“Not a whole lot,” Coach Dan Mullen said today.
If anything the attention given to Mauk’s short-lived return last week did not have a whole lot of impact anyway. By the time Mississippi State got confirmation Missouri’s veteran quarterback was coming off a month-long suspension, half of the bye-week practices were done. That left jus a couple of days to start throwing something together for a playmaker who, though struggling this season, did have a couple of SEC Eastern Division titles on his resume.
Sunday though came final, presumably, word Mauk had been not just re-suspended but sidelined entirely. In his five games Mauk was a 52% passer with six touchdowns and four interceptions, and the team’s third-leading rusher.
More to the point, Missouri with Mauk was 4-1 with a split of East games. Since then the Tigers have lost all three games, and in the process scored just four field goals. The offense is now in new hands with Drew Lock shoved into the job ahead of schedule.
After playing in eight games and starting four of them Lock isn’t really a rookie. Nor, said Mullen, does Missouri turn into something entirely different on offense.
“They’ve been playing him for a couple of weeks now. They’re going to run their system. They’re going to do what they do, it’s not like they’ve completely changed who they are at the quarterback position.”
Lock did get off to a good start, so to speak, as Missouri beat South Carolina in his first game to take the first snap. Lock does change one Tiger tactic though. Where Mauk wasn’t shy to tuck and tote the freshman gives the ball to somebody. Not only has he thrown more passes than Mauk already, the Missouri season statistics do not list a single rushing play for Lock. Unless UM uses a pro-style stat system which doesn’t count sacks against the quarterback, it means Lock neither runs on his own or takes losses.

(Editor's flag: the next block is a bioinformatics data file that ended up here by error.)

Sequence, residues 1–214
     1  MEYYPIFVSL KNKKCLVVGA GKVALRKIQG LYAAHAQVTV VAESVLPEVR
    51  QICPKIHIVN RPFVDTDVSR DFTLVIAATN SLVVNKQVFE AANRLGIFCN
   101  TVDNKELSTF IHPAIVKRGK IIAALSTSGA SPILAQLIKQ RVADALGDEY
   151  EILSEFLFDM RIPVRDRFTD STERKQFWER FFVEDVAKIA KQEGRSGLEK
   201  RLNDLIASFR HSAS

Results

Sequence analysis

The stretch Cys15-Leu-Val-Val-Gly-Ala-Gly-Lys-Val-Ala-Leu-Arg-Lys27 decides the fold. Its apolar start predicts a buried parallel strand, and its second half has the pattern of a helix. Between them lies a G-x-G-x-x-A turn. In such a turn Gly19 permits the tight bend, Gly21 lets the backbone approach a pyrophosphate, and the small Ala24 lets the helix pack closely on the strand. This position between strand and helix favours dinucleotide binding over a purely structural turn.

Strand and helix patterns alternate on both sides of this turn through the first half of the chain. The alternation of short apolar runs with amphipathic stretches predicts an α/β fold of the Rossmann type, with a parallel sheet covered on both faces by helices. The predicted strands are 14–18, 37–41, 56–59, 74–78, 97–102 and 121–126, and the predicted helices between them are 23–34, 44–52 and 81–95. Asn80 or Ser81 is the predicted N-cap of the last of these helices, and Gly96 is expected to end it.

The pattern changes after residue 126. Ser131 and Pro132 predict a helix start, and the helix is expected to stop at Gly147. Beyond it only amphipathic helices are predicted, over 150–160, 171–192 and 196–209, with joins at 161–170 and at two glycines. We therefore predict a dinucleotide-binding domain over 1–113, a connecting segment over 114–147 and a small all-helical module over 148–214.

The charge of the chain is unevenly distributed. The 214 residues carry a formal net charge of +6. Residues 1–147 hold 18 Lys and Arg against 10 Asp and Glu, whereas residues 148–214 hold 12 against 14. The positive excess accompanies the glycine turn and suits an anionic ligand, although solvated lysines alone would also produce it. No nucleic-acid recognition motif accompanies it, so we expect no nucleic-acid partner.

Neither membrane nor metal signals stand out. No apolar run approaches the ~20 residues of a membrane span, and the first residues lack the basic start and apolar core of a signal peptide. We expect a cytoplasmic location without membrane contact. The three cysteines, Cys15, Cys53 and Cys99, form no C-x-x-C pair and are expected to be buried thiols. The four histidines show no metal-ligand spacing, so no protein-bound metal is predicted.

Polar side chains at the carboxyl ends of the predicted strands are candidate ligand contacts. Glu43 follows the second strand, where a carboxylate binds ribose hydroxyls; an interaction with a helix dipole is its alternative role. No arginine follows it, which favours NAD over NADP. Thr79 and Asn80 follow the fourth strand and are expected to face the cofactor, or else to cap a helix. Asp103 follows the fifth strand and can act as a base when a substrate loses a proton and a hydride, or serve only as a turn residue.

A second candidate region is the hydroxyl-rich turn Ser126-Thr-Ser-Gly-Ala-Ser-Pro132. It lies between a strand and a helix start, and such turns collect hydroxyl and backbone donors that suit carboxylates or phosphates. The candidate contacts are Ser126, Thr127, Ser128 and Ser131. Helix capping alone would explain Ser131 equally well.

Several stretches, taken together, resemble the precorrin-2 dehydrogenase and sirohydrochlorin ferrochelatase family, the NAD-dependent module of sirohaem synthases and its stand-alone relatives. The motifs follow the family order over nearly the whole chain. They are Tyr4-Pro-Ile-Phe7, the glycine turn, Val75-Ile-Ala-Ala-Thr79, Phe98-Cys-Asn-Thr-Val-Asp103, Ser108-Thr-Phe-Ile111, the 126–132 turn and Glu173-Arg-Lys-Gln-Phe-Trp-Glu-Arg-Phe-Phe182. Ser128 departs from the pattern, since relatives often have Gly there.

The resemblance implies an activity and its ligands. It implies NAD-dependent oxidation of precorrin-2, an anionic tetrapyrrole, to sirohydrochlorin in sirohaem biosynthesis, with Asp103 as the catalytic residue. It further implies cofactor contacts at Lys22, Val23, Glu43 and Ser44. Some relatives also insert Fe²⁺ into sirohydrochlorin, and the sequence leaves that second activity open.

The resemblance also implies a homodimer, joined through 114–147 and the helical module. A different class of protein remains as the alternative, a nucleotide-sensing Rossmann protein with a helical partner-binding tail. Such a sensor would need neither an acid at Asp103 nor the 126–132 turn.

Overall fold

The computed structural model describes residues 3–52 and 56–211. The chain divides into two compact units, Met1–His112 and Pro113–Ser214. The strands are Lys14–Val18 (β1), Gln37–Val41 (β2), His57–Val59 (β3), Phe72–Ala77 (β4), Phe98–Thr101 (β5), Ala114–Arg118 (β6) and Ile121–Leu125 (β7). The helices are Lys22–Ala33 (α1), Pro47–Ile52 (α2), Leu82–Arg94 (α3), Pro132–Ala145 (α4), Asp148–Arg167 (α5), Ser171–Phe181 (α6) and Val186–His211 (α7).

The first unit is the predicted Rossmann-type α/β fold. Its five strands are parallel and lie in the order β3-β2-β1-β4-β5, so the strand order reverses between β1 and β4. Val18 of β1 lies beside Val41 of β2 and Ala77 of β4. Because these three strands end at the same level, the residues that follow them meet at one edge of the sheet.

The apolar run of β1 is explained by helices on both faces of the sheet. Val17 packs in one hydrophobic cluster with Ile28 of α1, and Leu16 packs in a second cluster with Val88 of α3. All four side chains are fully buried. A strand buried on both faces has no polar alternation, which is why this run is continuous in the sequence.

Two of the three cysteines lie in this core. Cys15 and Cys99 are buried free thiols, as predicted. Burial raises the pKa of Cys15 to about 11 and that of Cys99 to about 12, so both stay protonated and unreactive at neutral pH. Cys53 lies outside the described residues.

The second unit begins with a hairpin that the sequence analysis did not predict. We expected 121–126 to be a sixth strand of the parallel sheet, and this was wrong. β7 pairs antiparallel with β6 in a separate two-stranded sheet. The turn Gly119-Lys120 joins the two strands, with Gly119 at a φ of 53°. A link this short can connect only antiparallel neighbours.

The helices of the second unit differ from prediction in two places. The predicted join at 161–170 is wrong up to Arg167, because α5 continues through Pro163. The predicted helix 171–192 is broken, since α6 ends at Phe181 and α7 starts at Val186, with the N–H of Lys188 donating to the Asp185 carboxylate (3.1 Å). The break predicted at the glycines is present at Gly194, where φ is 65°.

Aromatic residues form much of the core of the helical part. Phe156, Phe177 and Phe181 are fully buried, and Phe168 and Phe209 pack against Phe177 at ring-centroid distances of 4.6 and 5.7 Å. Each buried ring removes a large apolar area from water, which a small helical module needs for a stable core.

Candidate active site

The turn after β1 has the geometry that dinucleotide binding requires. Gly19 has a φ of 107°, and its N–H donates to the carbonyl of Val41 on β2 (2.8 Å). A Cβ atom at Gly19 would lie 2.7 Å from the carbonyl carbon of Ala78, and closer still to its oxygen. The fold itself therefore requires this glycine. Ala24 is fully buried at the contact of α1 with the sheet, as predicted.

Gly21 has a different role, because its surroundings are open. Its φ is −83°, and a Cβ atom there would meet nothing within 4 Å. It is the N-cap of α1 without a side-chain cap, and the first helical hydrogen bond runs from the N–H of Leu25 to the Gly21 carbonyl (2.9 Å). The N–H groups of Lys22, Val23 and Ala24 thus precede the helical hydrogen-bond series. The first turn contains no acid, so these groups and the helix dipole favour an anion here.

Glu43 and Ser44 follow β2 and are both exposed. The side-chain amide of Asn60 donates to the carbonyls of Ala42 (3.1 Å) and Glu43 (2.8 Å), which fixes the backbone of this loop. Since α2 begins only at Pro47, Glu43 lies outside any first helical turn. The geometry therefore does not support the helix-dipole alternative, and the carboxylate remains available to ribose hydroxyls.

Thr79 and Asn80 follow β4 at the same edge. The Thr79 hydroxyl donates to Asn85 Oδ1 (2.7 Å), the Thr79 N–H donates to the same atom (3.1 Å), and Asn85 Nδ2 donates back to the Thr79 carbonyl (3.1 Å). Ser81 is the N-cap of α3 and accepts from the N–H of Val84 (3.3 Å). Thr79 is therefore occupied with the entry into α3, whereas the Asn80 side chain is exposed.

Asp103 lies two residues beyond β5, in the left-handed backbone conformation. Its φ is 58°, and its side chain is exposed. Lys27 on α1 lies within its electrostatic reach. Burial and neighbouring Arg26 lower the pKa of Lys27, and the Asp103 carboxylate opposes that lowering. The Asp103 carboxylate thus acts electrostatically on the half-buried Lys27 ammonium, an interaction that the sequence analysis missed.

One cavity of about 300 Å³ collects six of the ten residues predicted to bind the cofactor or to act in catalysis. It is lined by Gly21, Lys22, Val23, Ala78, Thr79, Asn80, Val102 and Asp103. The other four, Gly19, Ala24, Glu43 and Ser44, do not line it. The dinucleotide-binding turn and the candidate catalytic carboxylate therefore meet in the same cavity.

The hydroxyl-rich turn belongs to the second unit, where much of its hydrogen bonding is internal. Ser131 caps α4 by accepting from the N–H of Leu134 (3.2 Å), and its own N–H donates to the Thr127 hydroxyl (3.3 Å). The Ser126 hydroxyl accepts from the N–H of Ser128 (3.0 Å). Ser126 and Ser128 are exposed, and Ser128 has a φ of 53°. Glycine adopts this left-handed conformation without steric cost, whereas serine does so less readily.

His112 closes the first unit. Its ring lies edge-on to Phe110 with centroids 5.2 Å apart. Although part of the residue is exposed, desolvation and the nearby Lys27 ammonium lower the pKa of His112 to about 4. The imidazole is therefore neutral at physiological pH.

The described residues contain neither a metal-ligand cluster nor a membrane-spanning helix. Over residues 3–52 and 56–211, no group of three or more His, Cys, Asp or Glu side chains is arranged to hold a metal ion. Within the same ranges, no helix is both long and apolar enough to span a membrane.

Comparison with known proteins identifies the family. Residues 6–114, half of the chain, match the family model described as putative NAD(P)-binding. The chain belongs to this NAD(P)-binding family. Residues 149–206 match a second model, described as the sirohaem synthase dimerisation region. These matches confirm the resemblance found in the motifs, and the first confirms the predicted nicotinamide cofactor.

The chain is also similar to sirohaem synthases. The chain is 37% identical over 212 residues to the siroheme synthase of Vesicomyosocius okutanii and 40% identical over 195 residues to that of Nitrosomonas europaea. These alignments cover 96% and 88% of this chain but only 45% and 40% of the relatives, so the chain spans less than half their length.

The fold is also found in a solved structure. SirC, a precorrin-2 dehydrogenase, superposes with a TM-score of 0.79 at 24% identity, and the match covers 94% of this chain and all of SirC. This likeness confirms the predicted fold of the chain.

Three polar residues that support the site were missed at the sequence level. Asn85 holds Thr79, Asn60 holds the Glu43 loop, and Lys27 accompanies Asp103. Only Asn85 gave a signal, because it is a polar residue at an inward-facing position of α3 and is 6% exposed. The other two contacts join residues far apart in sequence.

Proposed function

He is completing just over half those thrown balls, with three touchdowns and as many interceptions. This, Mullen warned, isn’t exactly what it seems.
“The one thing that has jumped out to me, they have just missed some throws. It’s not like they aren’t playing well, they are inches away from putting up a lot of big numbers and a lot of big plays.
Mullen pointed to the most recent Missouri game, a frustrating 10-3 loss at Vanderbilt where review shows Tiger targets open. Often. “With a little bit of pressure he just over-throws them. I’m talking about three or four times it maybe have been 60- or 70-yard plays.”
Missouri doesn’t get those sorts of plays on the ground. But they do have a pair of productive runners who can grind defenses down given the chance. Russell Hansbrough and Ish Witter are better backs than their combined 3.9-yard average gain shows. If the air attack forces foes to loosen things up the ground game becomes that much more problematic for State’s scheming.
Maybe the real challenge is taking on an offensive line with four seniors starting. Center Evan Boehm has started every one of his 48 varsity games, and left tackle Connor McGovern own 36 starts. The combined experience, not to mention average 307 pound size, is how Missouri has absorbed just 20 sacks despite juggling quarterbacks.
It adds up to a unit meriting more scouting respect than the scoreboard has shown so far, Mullen figures. No, the results aren’t eye-opening, but MSU’s coach figures the Tigers have reason to be encouraged about November.
“As you’re watching you say we’re not far off from where we need to be. I’m sure that’s how they are looking at it.”